African Communities Program


This innovative community mobilization project is the result of a multi-year research partnership between HIV Community Link and the University of Calgary. An Advisory Committee of diverse African community members and allies lead a program to raise awareness, reduce risk, and promote healthy decision making. By tackling stigma and breaking down barriers to testing and support services, we are building an informed and compassionate response to HIV in Calgary’s African communities.

Want to get involved? Connect with our African Communities Program Coordinator, Sipiwe, at or (403) 508-2500 ext. 109.

Key program activities include:

  • Outreach and education for clients at programs and organizations serving Newcomers
  • Education and cultural competency training for staff at immigrant serving agencies
  • Outreach at African businesses and community gathering places
  • Consultation on best practices for engaging African communities in health and social services
  • Free safer sex supplies and information material for venues and organizations
  • All about HIV/AIDS in Calgary brochures available in 8 African Languages (Amharic, Arabic, English, French, Nuer, Oromo, Tigrinya and Swahili)
  • Community mobilization initiatives with various local churches, cultural associations and private businesses
  • Special working group AWOHA ( African Women on HIV/AIDS)
  • Working with a community-based Advisory Committee
  • Collaborating with African, Caribbean and Black (ACB) communities at events including Afrikadey, CARIFEST, FrancoFest
  • Addressing key and emerging issues in African Communities such as stigma, homophobia, homelessness and street involvement

Why is this project important:

African, Caribbean and Black communities represent 4% of Canada’s population, yet represent 15% of Canada’s HIV epidemic, according to HIV statistics in 2014.

The African Communities Project (ACP) opens up conversation on HIV in the groups it works with. The project works to address stigma which we identify as the major obstacle in the response to HIV in the African communities. Stigma and fear mean people may hesitate to learn about and be tested for HIV and may avoid accessing treatment and support services when living with HIV.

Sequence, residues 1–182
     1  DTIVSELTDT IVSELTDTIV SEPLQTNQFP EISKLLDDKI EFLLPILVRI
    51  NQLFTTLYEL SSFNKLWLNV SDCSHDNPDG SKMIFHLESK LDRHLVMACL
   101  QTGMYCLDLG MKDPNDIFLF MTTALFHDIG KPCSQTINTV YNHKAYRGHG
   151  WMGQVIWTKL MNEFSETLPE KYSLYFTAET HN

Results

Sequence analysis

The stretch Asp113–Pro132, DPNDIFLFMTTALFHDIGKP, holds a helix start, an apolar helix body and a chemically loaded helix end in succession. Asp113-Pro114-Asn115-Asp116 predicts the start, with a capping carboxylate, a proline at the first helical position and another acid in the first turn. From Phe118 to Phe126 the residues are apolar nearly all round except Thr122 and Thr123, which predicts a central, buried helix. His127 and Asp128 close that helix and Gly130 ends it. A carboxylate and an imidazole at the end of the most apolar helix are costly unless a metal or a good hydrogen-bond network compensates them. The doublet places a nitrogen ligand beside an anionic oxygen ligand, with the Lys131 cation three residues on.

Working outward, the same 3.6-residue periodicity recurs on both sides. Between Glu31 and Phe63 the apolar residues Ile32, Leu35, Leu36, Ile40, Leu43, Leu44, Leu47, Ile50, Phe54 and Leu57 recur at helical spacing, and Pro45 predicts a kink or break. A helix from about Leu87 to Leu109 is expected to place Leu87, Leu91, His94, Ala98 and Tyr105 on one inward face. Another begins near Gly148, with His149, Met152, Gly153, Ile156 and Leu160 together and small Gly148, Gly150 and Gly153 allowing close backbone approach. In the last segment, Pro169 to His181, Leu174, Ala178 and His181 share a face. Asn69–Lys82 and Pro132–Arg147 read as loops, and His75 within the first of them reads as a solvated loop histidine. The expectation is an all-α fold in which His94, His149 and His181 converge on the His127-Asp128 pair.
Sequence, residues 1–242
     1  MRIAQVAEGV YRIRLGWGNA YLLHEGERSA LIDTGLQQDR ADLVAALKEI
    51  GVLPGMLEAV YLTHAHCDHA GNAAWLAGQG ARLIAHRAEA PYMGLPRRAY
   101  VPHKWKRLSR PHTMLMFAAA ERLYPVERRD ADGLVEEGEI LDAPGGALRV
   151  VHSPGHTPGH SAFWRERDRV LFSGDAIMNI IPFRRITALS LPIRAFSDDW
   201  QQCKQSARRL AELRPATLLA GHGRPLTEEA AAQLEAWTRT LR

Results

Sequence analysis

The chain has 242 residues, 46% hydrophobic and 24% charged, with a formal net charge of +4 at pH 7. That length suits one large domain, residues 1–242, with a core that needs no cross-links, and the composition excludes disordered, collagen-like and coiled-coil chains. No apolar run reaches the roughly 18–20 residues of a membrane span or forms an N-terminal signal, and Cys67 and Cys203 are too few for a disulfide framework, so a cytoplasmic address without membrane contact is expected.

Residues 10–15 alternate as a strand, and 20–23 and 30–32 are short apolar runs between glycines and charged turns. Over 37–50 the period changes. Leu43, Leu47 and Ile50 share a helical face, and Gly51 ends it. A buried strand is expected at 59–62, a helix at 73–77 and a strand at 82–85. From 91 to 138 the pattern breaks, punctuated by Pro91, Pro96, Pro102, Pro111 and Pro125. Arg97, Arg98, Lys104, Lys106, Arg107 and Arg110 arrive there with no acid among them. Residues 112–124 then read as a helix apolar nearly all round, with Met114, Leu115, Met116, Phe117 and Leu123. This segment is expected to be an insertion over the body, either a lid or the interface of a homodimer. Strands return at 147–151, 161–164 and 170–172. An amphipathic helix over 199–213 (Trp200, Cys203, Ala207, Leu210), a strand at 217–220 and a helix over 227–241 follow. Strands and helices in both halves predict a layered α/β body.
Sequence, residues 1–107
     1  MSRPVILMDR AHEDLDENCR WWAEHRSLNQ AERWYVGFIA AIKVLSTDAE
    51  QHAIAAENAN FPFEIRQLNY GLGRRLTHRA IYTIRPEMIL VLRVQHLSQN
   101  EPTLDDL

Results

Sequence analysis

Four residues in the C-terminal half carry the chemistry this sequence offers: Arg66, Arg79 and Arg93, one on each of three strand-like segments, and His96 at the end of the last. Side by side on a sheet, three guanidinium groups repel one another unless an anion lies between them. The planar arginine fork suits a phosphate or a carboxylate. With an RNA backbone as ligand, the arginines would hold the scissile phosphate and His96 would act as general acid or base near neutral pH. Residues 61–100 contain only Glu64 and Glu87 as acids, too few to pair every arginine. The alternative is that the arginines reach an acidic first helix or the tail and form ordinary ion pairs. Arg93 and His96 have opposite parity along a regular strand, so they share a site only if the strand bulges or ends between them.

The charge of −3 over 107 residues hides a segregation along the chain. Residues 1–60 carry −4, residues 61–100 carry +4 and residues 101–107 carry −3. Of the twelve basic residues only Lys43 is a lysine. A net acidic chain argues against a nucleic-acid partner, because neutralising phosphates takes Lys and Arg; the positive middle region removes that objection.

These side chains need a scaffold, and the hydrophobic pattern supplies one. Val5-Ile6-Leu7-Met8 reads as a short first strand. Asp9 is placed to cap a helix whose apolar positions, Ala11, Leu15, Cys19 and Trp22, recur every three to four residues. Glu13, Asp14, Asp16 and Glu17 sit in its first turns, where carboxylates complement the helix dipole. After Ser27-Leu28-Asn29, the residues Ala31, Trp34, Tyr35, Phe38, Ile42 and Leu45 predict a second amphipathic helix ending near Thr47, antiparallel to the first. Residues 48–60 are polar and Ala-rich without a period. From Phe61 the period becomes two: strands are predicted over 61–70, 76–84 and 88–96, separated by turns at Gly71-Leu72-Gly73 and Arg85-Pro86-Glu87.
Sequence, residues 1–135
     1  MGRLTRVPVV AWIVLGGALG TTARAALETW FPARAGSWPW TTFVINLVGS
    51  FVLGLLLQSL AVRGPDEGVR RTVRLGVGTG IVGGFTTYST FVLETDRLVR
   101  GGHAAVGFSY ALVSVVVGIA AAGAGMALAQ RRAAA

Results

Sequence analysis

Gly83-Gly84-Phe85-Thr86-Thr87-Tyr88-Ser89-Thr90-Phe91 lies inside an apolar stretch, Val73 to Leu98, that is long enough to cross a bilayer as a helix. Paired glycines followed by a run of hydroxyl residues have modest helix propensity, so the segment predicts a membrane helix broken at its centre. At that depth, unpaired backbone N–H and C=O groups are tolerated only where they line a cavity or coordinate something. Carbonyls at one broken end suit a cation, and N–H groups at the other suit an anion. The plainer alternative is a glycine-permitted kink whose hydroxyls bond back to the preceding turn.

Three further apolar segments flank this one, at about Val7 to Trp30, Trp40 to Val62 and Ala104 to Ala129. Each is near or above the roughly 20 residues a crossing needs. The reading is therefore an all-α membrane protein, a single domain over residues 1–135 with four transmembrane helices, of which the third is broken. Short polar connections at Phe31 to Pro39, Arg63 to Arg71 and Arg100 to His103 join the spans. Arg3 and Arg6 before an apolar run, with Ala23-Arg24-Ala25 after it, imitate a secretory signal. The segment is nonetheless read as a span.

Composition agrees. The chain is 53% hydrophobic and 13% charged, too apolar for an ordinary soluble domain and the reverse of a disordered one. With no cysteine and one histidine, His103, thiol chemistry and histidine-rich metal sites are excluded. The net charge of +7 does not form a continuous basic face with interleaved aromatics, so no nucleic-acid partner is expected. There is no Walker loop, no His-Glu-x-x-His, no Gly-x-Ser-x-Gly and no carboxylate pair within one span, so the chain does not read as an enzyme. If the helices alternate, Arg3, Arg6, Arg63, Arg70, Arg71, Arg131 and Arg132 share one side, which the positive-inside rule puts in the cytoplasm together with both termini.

Will I be deported if I test positive for HIV?

  • You will not be deported if you test positive. HIV testing is free and treatment is covered by Alberta Health Insurance.

If HIV is very difficult to transmit when people are on their treatment, are new infections still happening in our communities?

  • Yes there are many new infections every year and the numbers are growing in our African Communities.  Many people living with HIV do not know they have the virus because they are not getting regular testing. Testing is free and testing is the only way to know if someone has HIV.

Why do agencies like HIV Community Link and STI Clinic ask many personal questions about one’s lifestyle when you want to be tested or access services? It seems very intrusive.

  • These types of questions are asked to help us understand who we work with, what are the risks in the community and how we can provide the best programs to prevent HIV transmission and support those living with HIV.  You can let someone know you are not comfortable answering certain questions and still be able to use the services.